Competency & Capacity
Recent research has found that 70 percent of people in their 80s have some degree of dementia or diminished mental capacity. Many of these elderly persons are living on their own, caring for their own home, handling their own finances and making their own health care decisions. Some of these elderly people do not have the capacity to manage their care or finances and are easy prey for unscrupulous sales people and con men or women. Very often these individuals are also not receiving appropriate medical care.
If you have a family member who is suffering from dementia, Alzheimer's, mental retardation or a mental illness, and who is demonstrating through his or her actions or inaction that he or she is not capable of handling his or her personal affairs, it may be time to seek guardianship or conservatorship. This can be an involved process, especially since a number of changes have been introduced to the Massachusetts Uniform Probate Code.
Understanding What Your Options are When Competency Issues Arise
The lawyers at Blake & Associates have been helping individuals, families and medical institutions find resolution to the complex question of mental competency and decision-making capacity for more than three decades.
There are any number of situations that may cause you to question the competency of a family member to make sound life decisions, such as when:
- An elderly person suddenly changes a will or trust in a manner that is significantly different from all previous wills or trusts, which could result in will litigation if not appropriately handled during the elder's life.
- An elderly or mentally ill person receives notices that they are being evicted for nonpayment or that their utilities are being turned off for nonpayment
- A family member visits an elder's home and finds that they do not have sufficient food but have used their money to stockpile unnecessary items
- A family member has suspicion that the elderly person is being unduly influenced by others
In order to establish guardianship or conservatorship and to delegate decision-making authority for an individual, the courts must first determine if the person in question does not have the requisite capacity. This decision will be made at a Guardianship or Conservatorship "competency hearing" in state probate court. The court will examine how the person handles key aspects of daily life: how he or she handles finances, health care and daily living activities.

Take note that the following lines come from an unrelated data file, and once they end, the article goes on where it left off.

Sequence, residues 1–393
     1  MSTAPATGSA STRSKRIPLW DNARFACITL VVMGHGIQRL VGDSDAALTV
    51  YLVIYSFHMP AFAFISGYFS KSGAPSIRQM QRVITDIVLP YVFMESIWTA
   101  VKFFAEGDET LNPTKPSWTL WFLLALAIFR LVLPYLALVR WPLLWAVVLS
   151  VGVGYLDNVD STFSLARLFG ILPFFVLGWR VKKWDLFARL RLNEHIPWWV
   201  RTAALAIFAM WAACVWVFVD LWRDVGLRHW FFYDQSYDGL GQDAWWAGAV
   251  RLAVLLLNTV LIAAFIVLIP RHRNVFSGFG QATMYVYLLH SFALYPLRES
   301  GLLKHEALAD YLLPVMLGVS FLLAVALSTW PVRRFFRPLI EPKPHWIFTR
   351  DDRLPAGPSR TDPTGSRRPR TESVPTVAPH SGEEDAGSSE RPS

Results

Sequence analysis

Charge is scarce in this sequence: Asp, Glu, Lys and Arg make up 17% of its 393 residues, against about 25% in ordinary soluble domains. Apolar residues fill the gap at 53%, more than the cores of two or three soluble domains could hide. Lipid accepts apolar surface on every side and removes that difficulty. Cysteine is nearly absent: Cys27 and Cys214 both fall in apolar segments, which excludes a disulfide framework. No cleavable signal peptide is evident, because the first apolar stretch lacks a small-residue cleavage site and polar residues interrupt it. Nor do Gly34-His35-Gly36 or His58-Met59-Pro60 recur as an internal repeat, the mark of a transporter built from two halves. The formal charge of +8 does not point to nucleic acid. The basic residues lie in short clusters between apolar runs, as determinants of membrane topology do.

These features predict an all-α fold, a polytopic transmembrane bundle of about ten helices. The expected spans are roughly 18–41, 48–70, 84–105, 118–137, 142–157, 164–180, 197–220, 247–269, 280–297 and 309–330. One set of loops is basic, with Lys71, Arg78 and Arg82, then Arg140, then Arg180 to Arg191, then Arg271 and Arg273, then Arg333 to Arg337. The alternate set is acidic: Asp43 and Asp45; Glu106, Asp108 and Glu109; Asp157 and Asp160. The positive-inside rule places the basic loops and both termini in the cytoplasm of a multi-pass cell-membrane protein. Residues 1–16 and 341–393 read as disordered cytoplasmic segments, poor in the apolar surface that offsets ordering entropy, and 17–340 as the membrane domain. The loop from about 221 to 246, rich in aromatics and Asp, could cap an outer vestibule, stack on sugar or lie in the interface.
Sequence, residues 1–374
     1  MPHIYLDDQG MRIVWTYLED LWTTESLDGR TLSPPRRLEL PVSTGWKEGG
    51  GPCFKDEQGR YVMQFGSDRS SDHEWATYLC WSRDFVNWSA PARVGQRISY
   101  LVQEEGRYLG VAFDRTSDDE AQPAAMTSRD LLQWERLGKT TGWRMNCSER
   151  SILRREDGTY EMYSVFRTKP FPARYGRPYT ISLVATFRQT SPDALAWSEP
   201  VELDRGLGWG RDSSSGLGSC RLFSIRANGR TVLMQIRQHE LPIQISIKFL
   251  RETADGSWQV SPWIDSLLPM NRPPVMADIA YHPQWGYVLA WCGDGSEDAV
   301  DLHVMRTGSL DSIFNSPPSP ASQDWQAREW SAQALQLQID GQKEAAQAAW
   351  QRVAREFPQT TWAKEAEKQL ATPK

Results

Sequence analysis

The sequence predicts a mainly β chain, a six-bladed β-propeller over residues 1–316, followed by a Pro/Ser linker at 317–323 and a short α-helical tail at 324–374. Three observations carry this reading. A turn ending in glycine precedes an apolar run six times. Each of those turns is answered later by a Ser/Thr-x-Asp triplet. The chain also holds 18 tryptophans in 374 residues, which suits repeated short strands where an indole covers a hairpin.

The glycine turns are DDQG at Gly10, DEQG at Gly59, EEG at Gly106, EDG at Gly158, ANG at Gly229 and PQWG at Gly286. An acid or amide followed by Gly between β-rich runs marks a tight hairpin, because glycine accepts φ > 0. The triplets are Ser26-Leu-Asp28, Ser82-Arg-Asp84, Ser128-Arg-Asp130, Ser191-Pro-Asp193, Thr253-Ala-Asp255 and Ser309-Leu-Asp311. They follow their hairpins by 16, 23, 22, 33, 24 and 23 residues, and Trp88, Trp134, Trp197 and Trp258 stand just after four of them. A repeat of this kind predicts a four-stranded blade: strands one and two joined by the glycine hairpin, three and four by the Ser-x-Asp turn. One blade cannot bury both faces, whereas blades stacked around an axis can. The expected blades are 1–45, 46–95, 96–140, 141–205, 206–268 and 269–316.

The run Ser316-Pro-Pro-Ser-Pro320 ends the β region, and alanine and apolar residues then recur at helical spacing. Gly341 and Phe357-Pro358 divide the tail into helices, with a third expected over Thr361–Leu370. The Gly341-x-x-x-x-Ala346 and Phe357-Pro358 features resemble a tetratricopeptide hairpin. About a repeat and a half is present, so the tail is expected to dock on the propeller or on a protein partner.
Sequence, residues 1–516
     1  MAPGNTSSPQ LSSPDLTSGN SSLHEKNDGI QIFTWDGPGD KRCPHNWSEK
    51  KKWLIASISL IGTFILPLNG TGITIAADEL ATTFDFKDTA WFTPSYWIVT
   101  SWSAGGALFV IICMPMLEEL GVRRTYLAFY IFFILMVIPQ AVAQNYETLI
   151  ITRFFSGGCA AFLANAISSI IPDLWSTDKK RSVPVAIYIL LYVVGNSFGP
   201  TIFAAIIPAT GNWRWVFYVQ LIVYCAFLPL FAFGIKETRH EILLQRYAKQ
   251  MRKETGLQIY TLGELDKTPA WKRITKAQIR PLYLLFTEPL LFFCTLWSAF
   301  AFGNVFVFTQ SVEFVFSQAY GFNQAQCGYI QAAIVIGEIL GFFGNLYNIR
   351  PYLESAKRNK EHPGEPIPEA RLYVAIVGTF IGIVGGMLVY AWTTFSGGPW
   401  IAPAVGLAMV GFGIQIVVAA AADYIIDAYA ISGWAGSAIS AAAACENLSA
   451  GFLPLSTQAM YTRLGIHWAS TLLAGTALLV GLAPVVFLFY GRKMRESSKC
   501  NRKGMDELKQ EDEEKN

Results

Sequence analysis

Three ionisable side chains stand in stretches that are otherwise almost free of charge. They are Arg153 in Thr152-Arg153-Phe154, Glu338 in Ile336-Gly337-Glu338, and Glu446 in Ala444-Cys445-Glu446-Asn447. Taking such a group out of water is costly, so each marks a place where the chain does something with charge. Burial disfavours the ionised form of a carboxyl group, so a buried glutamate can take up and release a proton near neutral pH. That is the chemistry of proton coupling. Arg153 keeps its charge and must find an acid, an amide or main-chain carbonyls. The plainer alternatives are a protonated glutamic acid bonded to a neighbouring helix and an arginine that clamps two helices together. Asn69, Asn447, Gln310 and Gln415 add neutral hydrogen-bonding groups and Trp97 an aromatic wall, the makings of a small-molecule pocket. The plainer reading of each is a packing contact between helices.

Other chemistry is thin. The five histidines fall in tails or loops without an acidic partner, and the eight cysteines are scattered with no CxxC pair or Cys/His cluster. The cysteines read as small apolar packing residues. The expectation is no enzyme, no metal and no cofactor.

While your mentally ill family member may not be functioning as fully as you might hope, the court will want to determine if the person has enough capacity to do the tasks they need to do. There is a preference for action that minimizes intrusion into the person's affairs. If the family member is found to be incompetent, a guardian conservator will be appointed by the court with those powers necessary to protect the person while also minimizing intrusion into their life.
If the person is found to be competent but family members are still concerned that he or she is not handling certain aspects of daily life adequately, family members can look into Health Care Proxies [link to practice area page] and Durable Power of Attorney as an option.
The person being evaluated at a competency hearing has a right to legal representation, to speak in his or her own defense. If the person cannot afford legal counsel, the court will appoint an ad litem representative.
Attorney David Blake works with families who wish to file for guardianship and conservatorship.
Contact a Boston Guardianship and Conservatorship, Competency and Capacity attorney at Blake & Associates.
WGBH members will receive a 10% discount when using BlakeLaw.com
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